Puget Sound Bike Share ‘optimistic’ about sponsorships, supplier troubles

Image from the Nice Ride website

Image from the Nice Ride website

Bike share boosters across the nation are biting their nails this week as Nice Ride, the Minneapolis public bikes organization, is pursuing legal action against Montreal-based PBSC.

The problem is complicated, but the short version is that PBSC supplies the hardware and (in some places) software used by most major public bike systems in the US and Canada. Alta Bicycle Share — the contractor for Puget Sound Bike Share and also the company behind systems in DC, New York, Chicago, Boston and more — depends on PBSC, which has struggled in recent years.

Details from Atlantic Cities:

The troubled company that provides the equipment for bike-share systems in many cities in the United States, Canada, and beyond has a new problem this week: an unhappy customer in Minnesota. In a move first reported in the Montréal Gazette, Nice Ride Minnesota, which runs the bike-share system in Minneapolis–St. Paul, has filed a “notice of a material breach” of its contract with PBSC, the Montréal-based company that supplies hardware for the Nice Ride program.

It’s just the latest cloud in an already obscure financial picture for the Montréal-based PBSC (also known as Bixi), which supplies bikes and stations for similar programs in New York, Washington, D.C., Melbourne, Australia, London, and many other major cities. As we wrote earlier this month, PBSC has had a long history of money and management woes, and has required bailout loans from the city of Montréal, which created and operates the company. According to the most recent numbers, it is $42 million in debt, with a $6.5 million deficit and $5 million in outstanding payments.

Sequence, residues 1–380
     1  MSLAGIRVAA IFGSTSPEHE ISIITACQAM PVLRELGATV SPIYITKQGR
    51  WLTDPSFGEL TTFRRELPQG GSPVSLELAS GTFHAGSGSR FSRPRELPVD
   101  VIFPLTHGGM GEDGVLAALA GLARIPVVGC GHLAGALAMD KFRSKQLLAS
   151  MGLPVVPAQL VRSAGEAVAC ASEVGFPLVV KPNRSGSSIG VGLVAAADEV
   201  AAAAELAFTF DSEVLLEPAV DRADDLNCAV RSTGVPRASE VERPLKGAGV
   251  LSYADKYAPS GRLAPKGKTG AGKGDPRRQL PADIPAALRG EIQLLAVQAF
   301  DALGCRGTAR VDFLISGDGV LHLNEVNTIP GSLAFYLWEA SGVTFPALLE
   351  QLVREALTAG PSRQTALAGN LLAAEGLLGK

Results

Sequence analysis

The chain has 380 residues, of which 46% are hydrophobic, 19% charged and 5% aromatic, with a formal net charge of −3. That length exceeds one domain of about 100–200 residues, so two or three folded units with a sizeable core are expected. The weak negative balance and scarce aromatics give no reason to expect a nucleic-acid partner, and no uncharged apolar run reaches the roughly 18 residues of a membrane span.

Read more…

So what does this mean for Puget Sound Bike Share?

“We’ve been following it really closely,” said Director Holly Houser. She said she is hopeful the situation will be resolved soon.

Puget Sound Bike Share should be in a good position because they are still negotiating contracts with Alta. Houser says they are learning from the experiences of other cities to make sure Puget Sound Bike Share contracts adequately shield them should PBSC problems persist or grow.

If Puget Sound Bike Share is going to launch in the spring or early summer, orders need to be made in the next couple weeks.

Search for sponsors has ‘momentum’

From a bike share business plan. Actual roll-out may be a little different

From a bike share business plan. Actual roll-out may be a little different

Last we checked, Puget Sound Bike Share was pushing hard to find sponsors for the system so that they could launch in full in the spring instead of scaling back to include only grant-supported areas like the University District and South Lake Union. The full first phase would also include downtown and parts of Capitol Hill and First Hill.